Calhan • Eastern El Paso County residents were skeptical Friday about a proposed shooting range in Ramah at the first of a series of meetings intended to gauge public sentiment.

The meeting, which drew a few dozen people to the VFW Post in Calhan, was the first in a “listening tour” being held by the Southern Shooting Partnership. The organization, which includes county governments and other agencies that manage public lands, is looking to establish more designated sites for local recreational shooters.

The range has been proposed by Colorado Parks and Wildlife and would be at the Ramah Reservoir State Wildlife Area. Renderings presented at the meeting show a roughly 40-acre range with two 30-meter pistol galleries and five other rifle ranges, from 100 to 300 meters in length.

It would be near the northern edge of the state wildlife area, and baffles and berms would be built to shield surrounding areas from errant bullets.

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The reservoir is stocked with fish when the water level is sufficient, but that’s usually only about two out of every 10 years, said state Wildlife Manager Frank McGee, who oversees the Pikes Peak region.

“We’re hoping that this will provide an amenity that will bring people to the area and be a feature for them in years when we don’t have much water,” McGee said.

But residents are worried about the consequences of having a shooting range that, unlike the Cheyenne Mountain Shooting Complex, would not be staffed. They also expressed concerns that the range could scare off animals, attract undesirable activity to the area, and become a headache for surrounding property owners.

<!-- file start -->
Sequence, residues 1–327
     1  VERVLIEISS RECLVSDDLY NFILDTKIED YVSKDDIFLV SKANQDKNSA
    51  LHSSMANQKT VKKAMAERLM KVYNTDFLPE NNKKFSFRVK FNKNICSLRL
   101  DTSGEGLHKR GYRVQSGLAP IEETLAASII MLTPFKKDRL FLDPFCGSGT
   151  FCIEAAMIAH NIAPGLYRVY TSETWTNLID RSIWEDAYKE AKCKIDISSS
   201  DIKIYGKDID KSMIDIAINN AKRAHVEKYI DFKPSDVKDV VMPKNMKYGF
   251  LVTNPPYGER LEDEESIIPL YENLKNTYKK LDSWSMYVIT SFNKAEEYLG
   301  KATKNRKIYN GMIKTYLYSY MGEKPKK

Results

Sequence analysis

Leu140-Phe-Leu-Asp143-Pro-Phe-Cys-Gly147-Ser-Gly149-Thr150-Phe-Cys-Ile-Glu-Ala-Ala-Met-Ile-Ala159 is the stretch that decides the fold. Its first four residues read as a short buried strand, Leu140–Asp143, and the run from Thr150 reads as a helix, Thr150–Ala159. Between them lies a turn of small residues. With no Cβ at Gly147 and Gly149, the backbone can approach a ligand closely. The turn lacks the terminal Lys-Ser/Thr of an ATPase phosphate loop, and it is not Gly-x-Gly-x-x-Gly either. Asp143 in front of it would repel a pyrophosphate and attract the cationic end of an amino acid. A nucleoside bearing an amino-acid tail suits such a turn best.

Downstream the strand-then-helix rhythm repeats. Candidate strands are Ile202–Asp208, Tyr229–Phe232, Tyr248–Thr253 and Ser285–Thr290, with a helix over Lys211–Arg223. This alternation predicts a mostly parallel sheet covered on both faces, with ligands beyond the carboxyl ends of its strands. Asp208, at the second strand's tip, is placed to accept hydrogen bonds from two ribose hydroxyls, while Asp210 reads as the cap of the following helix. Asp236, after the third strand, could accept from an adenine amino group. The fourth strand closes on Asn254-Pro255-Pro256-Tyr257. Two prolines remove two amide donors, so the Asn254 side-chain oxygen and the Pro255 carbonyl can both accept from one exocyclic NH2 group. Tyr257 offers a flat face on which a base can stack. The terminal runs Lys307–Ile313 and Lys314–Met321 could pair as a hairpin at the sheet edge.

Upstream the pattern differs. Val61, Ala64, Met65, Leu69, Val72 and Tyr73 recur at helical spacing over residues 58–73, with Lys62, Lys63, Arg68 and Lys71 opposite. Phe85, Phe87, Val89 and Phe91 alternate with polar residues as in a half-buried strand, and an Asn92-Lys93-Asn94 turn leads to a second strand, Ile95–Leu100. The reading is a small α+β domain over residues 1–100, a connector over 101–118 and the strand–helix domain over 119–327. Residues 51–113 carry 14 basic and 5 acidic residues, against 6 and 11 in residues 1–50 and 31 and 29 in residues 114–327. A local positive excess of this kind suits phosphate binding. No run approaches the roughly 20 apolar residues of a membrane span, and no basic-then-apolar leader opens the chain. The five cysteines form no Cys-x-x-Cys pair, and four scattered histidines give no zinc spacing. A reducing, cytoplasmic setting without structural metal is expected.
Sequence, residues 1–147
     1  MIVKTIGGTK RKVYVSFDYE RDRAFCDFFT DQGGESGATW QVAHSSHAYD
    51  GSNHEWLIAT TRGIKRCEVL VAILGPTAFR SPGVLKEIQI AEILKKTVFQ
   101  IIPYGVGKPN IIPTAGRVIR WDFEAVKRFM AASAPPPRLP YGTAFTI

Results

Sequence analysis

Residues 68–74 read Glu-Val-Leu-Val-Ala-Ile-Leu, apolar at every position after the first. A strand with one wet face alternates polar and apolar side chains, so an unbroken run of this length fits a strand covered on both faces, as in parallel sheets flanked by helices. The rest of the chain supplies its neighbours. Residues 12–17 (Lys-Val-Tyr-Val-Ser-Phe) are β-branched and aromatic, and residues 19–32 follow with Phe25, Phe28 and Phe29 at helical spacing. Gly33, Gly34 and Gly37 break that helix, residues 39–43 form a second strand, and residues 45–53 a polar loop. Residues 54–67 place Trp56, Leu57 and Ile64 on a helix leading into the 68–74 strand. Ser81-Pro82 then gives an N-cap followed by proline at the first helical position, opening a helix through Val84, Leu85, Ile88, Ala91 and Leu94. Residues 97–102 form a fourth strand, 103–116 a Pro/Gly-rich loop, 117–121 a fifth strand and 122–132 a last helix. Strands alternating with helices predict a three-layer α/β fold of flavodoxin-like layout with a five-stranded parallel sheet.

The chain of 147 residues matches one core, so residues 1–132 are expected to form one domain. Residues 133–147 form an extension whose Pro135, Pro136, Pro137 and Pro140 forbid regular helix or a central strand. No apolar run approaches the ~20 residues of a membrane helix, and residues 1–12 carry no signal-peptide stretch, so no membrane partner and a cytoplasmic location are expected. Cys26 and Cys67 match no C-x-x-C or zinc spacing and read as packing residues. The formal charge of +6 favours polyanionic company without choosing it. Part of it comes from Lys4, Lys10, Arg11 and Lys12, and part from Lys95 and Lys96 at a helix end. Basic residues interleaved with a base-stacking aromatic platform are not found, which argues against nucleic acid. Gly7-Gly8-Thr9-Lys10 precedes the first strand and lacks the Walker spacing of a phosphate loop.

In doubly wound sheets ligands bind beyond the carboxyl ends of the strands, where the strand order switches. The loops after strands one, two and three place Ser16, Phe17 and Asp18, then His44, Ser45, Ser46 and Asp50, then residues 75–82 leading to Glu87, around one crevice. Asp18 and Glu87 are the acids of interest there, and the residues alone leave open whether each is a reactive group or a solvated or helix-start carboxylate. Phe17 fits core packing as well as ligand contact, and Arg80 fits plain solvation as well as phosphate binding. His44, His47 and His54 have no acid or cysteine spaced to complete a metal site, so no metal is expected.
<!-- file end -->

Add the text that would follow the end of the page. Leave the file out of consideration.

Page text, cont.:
“Our concern is the lack of supervision,” said George Fosha, president of the board of supervisors for Double EL Conservation District, which maintains the reservoir’s flood control dam. He added that the board fears the area would become a place where people come to drink and party after dark and leave their trash behind.

David McMillin, who lives west of Ramah, echoed Fosha’s opinion.

“I might have a little bit more agreeable stance on it if they had plans to staff it,” he said. “It’s being proposed as an unstaffed, unsupervised facility, which I think opens up the door for all kinds of trouble.”

Scott Mikita, whose property borders the proposed range, said he’s worried about liability and shooting activity spilling over onto his property.

“If something happens on my land, who’s going to take responsibility for it?” he said.

McGee said that Parks and Wildlife has several similar shooting ranges across the state, the closest of which is in Salida, and hasn’t experienced significant problems.

He added that other ranges are also on state wildlife areas, and the animals typically become acclimated to the noise very quickly.

“It is much, much, much safer for somebody to shoot at one of these ranges than for someone to just pull off the side of the road and set a target on a hillside,” he said.

On much of the land managed by the U.S. Forest Service, recreational shooting is legal. But shooters often run into others enjoying the outdoors, such as hikers, and errant bullets can occasionally cause injuries or even deaths.

If Parks and Wildlife builds the range as designed, it would likely cost more than $500,000 and be paid for with federal funding, McGee said.

Several of the meeting’s attendees were impressed with the plan.

Falcon resident Kevin Carroll said that he, like many of his neighbors, usually sets up a makeshift shooting range on his 5-acre property.

“We would much prefer to go to a nice, established, safe shooting range,” he said. “We feel comfortable shooting at home, but there’s always that chance of an accident — heaven forbid.”

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